Woods will be making his first start since last month's U.S. Open and the birth of his daughter — the first child for he and his wife, Elin. Sam Alexis Woods was born the day after the season's second major, at Oakmont Country Club.
"It's been fantastic these last couple weeks to have Sam Alexis part of our life," Woods said during a pre-tournament news conference. "It was a dream come true for both Elin and myself and all of our family.
"We've been obviously working a little bit and a lot of late nights, but it's been a lot of fun. Now, to come here and play, I'm really looking forward to playing this event here at Congressional."
Woods said the way the tournament has come together has been remarkable, especially considering the AT&T National didn't exist five months ago. Now, the event features a field that includes five of the world's top six players in Woods, Phil Mickelson, Jim Furyk, Adam Scott and Vijay Singh.
"It's hard to believe that with the help of the membership, the PGA Tour and all of our staff and AT&T to put this tournament together so quickly," Woods said. "The golf course is in phenomenal shape. It's going to be one heck of a test. I think that's something that all of us as players will be looking forward to and we've been very lucky and very blessed to have a great field this week."
Hosting the AT&T National in the Washington D.C. area over the Fourth of July weekend also has significance for Woods, whose father, the late Earl Woods, was a Green Beret in Vietnam. A total of 30,000 tickets to the event are available to be distributed to military personnel.
Essentially growing up on a military base, Woods said he understands and appreciates the commitments and sacrifices made by military personnel.
"I just think that it was something that would have been and should be honored and that's why we're doing it," Woods said. "What they are doing right now for us, and for us back home, it's just a way to say thank you."
Mickelson, who is returning to competition for the first time since a wrist injury hampered him in the U.S. Open, said he thinks the AT&T National has the potential to be a very special event. Proceeds from the tournament will benefit the Tiger Woods Foundation.
"I love what Tiger has done incorporating the military here. It really is a cool feeling," Mickelson told reporters Wednesday. "I think that it is such a great position to be in that Tiger's been in to be able to host an event and to be able to have such an effect on so many lives, as well as the community here with his Tiger Woods Learning Center.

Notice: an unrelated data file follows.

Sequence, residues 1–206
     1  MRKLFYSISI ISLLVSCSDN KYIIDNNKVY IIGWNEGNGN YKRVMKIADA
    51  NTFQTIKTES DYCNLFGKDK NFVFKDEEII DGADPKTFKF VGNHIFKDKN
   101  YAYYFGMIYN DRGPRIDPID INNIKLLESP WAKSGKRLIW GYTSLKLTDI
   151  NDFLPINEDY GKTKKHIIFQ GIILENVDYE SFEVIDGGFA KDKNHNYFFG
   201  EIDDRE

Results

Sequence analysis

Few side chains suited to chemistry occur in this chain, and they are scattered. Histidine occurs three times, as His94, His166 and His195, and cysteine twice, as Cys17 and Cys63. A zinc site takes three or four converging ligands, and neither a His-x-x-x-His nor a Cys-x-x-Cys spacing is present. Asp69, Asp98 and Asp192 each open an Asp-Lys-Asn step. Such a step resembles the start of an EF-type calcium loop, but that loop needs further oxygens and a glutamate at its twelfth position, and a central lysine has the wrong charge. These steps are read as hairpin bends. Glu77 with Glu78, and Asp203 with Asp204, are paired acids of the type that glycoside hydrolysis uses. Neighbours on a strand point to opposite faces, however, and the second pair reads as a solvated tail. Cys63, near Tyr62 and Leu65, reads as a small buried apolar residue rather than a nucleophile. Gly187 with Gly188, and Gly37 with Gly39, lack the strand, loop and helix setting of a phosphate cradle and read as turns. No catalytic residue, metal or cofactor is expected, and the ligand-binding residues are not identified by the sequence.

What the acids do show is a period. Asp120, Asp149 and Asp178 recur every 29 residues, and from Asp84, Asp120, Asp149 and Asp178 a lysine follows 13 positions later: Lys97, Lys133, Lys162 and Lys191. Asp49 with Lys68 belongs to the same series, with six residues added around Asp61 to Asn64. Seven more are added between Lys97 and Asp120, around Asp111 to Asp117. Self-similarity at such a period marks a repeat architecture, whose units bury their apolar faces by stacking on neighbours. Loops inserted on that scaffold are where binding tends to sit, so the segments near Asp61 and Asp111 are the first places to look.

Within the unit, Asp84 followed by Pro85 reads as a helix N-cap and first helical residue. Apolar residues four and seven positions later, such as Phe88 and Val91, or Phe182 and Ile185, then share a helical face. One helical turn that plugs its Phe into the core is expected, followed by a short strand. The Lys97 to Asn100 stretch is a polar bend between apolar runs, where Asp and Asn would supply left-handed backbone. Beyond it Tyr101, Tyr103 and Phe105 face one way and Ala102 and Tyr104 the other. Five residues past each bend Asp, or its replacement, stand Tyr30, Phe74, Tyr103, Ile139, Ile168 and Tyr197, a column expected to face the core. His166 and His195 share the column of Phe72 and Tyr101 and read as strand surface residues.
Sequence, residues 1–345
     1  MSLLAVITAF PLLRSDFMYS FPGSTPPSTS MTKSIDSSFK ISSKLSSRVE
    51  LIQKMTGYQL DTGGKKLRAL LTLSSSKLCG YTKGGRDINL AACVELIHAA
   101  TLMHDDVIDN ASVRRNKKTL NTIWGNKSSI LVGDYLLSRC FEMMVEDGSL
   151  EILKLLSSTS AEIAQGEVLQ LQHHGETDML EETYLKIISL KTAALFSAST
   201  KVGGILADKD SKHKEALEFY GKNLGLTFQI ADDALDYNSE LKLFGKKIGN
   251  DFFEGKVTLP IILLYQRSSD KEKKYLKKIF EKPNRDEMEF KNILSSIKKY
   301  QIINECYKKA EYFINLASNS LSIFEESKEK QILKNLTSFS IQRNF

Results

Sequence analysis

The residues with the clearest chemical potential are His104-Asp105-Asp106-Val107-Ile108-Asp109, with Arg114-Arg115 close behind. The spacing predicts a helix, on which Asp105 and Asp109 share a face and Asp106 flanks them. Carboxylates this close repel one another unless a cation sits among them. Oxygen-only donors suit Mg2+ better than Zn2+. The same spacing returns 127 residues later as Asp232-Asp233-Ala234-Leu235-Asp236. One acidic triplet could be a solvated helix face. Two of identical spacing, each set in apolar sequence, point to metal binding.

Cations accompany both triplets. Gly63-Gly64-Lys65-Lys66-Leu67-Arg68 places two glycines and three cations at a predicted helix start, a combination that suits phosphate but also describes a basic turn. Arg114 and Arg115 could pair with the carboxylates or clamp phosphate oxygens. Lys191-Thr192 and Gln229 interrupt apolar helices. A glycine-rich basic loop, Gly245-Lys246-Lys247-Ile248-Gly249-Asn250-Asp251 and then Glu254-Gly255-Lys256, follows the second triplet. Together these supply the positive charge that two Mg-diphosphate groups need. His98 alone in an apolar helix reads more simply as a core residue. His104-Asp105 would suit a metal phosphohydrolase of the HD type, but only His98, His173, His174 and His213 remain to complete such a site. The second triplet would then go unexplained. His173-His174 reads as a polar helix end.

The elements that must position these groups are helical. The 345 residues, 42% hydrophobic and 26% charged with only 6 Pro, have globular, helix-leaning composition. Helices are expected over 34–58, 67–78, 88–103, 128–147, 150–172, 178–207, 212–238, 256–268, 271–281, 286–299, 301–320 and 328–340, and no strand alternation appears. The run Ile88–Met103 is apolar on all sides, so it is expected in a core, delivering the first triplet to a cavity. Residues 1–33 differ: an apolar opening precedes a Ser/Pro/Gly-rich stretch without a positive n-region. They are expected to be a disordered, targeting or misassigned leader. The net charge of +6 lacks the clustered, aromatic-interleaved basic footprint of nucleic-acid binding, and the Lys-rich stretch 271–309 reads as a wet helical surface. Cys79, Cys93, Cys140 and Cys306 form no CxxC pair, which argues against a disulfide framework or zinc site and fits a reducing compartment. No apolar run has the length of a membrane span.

"It's just such a great asset for the Tour and the way he's incorporated everyone here in Washington, the community and the military. It's fun to be a part of this event."
The tournament replaced the International. The Colorado event folded when it failed to find a sponsor. The tournament is also bringing the PGA Tour back after the Washington area lost its longtime PGA Tour event last year when Booz Allen decided not to renew its contract as title sponsor.
The AT&T National has taken the place of The International in Colorado, which folded after losing its title sponsor. Congressional also boasts a little history as it was the site of the 1997 U.S. Open.
"Right here, it's such a great fit — and then to have this golf course available just adds to it," Woods said. "That's when a lot of the history of this tournament has been made is when it was held here. I think that's one of the reasons why we wanted to make such a positive impact by coming back to this facility."
Where: Congressional C.C. Blue Course (7,255 yards, par 70), Bethesda, Md.
Purse: $6 million ($1.08 million winner's share)
TV: Golf Channel (Thursday-Friday, 3-6 p.m. EDT; 8:30-11:30 p.m. EDT) and
CBS (Saturday-Sunday, 1-2:30 p.m. EDT; 3-6 p.m. EDT).
July 5, 2007
Davis Love III, who played the final 57 holes of the Children's Miracle Network Classic without a bogey, finished at 25-under 263 in the season-ending event played at the Walt Disney World Golf Resort in Florida. It has been a long road back for Love, who severely sprained his ankle late last year. After tearing ligaments, he needed surgery, and he's spent much of this year rehabilitating the injury.
... full article »